Going to the Chapel: Readings

Roddy, Not Another Happy Ending (2013)

Not Another Happy Ending (2013)

You’d think that having spent numerous years and money studying and teaching literature I would be able to come up with readings for my own wedding. But friends, it is really hard.

I mean, sure, I have a few scripture ideas, and Shakespeare is very inspirational, but I’m hitting a wall.

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Two Stars Keep Not Their Motion In One Sphere

It’s the Egotist’s Club’s fault, really.

A few weeks ago, when it was still only April, I decided to catch up on my favorite bloggers, and subsequently found myself reading a lovely post by Melpomene on the Donmar Warehouse production of William Shakespeare’s Coriolanus. I had heard about the production but hadn’t seen it, and–after a few moments of fangirling–I took to the Internet to read a little more about the play itself.

And as it so often happens with the Internet, one page led to another link, to another play…

I wanted to read everything Shakespearean—to study it, to see it—to immerse myself in it.

Which is why this month I will see the American Shakespeare Center perform Othello and Henry IV, Part I at the Blackfriars Playhouse in Staunton, VA. I am so excited, it’s ridiculous.

In preparation, I read Henry IV, Part I. (I had great plans to read Othello, too, but since Henry took me 3 weeks, I don’t think I will have it finished in time.) There are so many fantastic scenes that I can’t wait to see. And I might be skulking around on YouTube, sneaking looks at other performances.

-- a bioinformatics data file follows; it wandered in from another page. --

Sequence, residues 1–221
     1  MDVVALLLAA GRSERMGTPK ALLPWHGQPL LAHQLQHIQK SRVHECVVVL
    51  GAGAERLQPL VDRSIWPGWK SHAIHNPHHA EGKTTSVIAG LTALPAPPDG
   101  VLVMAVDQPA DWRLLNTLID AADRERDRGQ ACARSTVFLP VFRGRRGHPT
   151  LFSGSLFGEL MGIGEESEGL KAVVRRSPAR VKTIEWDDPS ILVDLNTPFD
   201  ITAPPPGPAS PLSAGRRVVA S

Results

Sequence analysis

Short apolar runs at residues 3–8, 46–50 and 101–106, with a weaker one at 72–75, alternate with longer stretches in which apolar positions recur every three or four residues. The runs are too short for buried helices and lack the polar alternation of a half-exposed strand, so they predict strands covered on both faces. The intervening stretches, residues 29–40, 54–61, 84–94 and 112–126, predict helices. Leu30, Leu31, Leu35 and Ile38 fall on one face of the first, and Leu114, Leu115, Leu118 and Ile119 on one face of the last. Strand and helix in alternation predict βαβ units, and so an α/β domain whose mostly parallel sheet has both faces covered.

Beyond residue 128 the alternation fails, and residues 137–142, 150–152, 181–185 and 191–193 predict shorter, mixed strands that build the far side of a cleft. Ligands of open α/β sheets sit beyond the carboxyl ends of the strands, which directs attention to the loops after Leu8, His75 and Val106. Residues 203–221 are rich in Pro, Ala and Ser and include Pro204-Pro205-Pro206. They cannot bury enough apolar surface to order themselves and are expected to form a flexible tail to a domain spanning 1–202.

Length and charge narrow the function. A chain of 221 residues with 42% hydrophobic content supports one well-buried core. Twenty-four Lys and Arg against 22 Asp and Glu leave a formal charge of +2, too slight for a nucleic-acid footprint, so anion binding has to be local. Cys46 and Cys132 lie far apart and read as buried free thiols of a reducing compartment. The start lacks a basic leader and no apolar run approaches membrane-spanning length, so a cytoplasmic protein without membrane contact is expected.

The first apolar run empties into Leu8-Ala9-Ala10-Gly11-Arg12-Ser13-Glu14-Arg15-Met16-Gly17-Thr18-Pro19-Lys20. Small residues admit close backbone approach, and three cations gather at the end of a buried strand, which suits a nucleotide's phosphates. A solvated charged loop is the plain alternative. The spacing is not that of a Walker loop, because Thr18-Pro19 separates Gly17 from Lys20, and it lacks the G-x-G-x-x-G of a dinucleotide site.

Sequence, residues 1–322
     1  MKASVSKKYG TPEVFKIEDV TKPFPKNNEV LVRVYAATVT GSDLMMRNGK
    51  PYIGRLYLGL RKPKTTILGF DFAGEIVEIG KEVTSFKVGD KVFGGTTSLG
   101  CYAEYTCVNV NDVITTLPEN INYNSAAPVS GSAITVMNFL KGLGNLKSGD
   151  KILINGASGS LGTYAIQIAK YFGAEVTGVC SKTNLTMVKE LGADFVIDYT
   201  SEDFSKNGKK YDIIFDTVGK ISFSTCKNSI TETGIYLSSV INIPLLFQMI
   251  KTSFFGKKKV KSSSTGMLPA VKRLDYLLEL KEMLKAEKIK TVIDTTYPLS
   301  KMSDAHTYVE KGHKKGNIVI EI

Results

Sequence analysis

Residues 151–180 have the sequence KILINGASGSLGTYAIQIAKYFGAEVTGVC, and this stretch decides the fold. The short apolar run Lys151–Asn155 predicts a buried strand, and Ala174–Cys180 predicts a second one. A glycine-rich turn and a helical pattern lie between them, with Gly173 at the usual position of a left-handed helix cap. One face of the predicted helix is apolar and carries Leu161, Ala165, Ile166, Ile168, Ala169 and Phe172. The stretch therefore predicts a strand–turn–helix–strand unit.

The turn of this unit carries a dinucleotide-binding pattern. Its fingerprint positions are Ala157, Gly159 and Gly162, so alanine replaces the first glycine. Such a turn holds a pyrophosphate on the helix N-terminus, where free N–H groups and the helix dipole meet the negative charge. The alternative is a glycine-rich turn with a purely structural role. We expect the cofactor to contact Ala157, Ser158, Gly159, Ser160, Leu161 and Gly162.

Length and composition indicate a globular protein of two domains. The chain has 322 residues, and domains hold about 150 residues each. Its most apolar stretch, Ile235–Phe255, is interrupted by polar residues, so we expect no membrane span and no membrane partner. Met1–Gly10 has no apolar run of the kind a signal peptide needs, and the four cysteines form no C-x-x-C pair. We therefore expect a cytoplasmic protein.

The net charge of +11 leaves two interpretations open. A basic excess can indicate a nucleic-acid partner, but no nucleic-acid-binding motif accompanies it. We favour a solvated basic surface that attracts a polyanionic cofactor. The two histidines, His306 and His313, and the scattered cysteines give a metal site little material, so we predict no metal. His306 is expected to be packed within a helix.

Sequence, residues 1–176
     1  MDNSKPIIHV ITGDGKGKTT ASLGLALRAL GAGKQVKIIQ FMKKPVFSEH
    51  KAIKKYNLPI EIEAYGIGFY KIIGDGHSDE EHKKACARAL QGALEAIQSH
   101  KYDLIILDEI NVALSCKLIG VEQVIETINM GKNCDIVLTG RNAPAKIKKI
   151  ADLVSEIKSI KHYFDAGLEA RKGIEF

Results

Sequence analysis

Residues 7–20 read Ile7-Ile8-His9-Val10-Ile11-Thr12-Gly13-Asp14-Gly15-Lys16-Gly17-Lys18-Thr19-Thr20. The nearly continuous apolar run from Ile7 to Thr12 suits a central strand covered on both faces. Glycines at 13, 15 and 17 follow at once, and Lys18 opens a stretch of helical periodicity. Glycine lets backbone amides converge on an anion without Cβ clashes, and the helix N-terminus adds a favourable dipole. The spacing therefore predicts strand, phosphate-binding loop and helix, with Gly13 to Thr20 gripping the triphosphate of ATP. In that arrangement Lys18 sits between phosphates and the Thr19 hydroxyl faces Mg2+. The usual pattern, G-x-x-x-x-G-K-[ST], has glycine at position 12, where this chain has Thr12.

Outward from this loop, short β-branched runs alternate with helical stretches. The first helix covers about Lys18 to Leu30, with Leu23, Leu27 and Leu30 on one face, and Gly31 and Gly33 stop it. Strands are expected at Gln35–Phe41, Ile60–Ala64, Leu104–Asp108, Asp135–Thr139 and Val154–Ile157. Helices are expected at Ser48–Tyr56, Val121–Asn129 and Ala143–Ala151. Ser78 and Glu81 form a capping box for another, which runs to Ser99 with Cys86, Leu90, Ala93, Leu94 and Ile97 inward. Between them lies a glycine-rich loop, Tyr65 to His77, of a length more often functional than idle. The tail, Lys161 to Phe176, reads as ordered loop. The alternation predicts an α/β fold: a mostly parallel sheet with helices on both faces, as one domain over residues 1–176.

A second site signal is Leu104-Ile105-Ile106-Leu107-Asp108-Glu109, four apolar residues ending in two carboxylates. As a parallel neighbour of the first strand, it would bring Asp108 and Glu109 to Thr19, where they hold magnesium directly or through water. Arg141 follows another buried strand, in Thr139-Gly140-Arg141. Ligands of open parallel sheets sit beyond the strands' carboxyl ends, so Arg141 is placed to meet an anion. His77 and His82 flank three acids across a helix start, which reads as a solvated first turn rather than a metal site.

Like this one, starring Jamie Parker as Henry, the Prince of Wales, better known as “Hal,” and Roger Allam as Falstaff:

I really enjoy this play. I love the duplicity of Hal–that he takes his future as king seriously, even though he does not behave like a good prince should. Like his younger brother does, or his rival Harry Percy.

I am the Prince of Wales; and think not, Percy, 

To share with me in glory any more:

Two stars keep not their motion in one sphere;

Nor can one England brook a double reign,

Of Harry Percy and the Prince of Wales. 

Act V, Scene iv. 

I love Percy–or as he’s better known, Hotspur–too, spurred on by his hurt honor and self-righteous justice. And I love how Shakespeare pits these two against each other in such a way that when Hal does triumph over Hotspur in the end, he emerges from the battle with a better understanding of the honor that Hotspur so valued. He still has a ways to go before he becomes the king seen in Henry V, but it’s a start.